Drug has significant risks, and its benefits are still debated, experts say
WEDNESDAY, Dec. 5 (HealthDay News) -- A U.S. Food and Drug Administration advisory panel recommended Wednesday that the cancer drug Avastin should not be used to treat women with advanced breast cancer.
In a close vote, 5-4, the advisers decided the drug's ability to slow down the growth of tumors did not outweigh the increased risk of blood clots and other cardiovascular troubles among users, the Associated Press reported. In rare cases, patients taking Avastin with standard chemotherapy have died.
Avastin was approved to treat colon cancer in 2004, and lung cancer in 2006. It works by cutting off the tumor's blood supply.
"Everybody wants to offer metastic breast cancer patients hope, but we shouldn't offer them false hope," panel member Natalie Compagni-Portis, a patient representative with Breast Cancer Action in San Francisco, said during the meeting, according to the AP. "We have to raise the bar in terms of safety."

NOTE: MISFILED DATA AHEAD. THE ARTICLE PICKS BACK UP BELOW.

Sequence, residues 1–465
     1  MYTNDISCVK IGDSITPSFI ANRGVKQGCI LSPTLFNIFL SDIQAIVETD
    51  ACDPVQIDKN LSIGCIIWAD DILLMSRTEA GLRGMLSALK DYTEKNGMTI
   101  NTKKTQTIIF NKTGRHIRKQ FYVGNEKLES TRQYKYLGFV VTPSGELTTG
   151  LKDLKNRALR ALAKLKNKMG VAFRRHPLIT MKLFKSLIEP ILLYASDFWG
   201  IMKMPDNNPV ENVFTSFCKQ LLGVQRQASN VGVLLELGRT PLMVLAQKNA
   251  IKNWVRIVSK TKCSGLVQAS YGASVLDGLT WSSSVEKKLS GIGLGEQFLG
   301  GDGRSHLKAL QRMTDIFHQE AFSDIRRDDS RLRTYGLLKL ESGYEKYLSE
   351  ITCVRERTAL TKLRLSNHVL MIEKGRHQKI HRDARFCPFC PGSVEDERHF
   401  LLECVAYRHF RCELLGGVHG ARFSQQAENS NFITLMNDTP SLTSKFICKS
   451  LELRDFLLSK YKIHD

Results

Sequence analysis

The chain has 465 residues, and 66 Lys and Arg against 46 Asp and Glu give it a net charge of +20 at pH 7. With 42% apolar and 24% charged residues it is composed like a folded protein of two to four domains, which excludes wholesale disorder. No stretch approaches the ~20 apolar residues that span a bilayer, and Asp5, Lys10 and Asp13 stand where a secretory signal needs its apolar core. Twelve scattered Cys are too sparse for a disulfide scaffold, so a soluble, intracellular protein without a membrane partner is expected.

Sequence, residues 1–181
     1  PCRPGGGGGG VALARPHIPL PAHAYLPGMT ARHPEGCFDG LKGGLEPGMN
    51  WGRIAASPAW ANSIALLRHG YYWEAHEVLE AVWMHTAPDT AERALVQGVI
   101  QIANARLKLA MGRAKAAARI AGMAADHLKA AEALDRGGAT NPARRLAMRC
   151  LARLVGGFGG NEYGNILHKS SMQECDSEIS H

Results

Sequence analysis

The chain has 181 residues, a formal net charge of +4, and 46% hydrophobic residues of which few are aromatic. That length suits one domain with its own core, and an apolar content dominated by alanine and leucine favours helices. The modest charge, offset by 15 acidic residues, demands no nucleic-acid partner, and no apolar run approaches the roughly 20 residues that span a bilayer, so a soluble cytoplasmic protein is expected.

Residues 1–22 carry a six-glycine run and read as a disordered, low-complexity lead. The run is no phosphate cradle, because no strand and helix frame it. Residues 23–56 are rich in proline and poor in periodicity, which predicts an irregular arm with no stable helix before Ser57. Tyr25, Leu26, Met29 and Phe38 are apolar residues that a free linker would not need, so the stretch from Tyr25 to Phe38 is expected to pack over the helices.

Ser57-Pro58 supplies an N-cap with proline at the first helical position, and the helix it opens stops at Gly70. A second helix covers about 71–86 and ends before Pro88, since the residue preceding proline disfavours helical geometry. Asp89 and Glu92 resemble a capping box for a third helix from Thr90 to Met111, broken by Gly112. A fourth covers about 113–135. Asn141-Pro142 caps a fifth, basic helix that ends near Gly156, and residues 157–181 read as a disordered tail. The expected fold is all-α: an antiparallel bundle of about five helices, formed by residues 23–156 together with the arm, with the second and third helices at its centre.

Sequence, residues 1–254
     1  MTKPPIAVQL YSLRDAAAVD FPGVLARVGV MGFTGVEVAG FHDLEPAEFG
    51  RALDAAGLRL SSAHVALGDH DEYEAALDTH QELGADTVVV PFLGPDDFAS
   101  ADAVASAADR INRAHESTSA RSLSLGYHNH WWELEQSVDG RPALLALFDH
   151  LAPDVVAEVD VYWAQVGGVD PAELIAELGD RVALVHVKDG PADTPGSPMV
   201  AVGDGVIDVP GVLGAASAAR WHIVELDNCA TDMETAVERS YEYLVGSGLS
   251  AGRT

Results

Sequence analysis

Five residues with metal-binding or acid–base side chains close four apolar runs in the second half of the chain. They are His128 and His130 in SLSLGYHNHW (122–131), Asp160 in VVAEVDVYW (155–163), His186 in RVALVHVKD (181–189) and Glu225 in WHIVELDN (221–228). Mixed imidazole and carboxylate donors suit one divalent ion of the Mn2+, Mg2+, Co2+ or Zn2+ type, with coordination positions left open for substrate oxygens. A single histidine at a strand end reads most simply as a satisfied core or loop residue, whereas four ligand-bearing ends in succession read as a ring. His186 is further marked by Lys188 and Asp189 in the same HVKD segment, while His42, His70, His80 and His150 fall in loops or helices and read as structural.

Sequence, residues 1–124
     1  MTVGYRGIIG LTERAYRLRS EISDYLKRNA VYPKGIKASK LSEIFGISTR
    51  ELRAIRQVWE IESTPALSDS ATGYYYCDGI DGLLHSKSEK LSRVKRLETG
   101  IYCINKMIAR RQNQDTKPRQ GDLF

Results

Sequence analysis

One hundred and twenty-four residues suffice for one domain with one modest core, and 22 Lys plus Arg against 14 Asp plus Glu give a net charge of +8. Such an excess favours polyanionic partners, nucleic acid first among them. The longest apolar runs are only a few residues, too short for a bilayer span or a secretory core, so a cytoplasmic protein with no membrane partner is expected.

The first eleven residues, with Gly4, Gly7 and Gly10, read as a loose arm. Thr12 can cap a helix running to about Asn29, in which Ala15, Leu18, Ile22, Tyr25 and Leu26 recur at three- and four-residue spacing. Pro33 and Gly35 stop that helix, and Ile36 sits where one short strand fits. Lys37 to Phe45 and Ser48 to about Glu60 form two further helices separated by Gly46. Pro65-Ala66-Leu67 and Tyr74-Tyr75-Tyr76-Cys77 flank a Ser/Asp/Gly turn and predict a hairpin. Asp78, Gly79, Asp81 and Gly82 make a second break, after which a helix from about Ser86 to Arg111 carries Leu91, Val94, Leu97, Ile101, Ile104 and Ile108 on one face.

"These patients are terminal, and it's our job to make their lives better, not to say that it's OK to have a stroke or that it's manageable," Maha Hussain, an oncologist at the University of Michigan and the advisory panel's chairwoman, said during the meeting. "You didn't show that patients are living better or that they're living longer."
In trial results submitted to the FDA by the drug's U.S. maker, Genentech Inc., use of Avastin (bevacizumab) did boost the progression-free survival of women with advanced breast cancer by an average of 5.5 months, when combined with the chemotherapy drug paclitaxel. Progression-free survival refers to survival without any advancement of the malignancy.
However, the same Genentech study of 722 patients showed that patients reaped no gain in terms of their overall survival after taking Avastin.
Another company-funded trial, this ti
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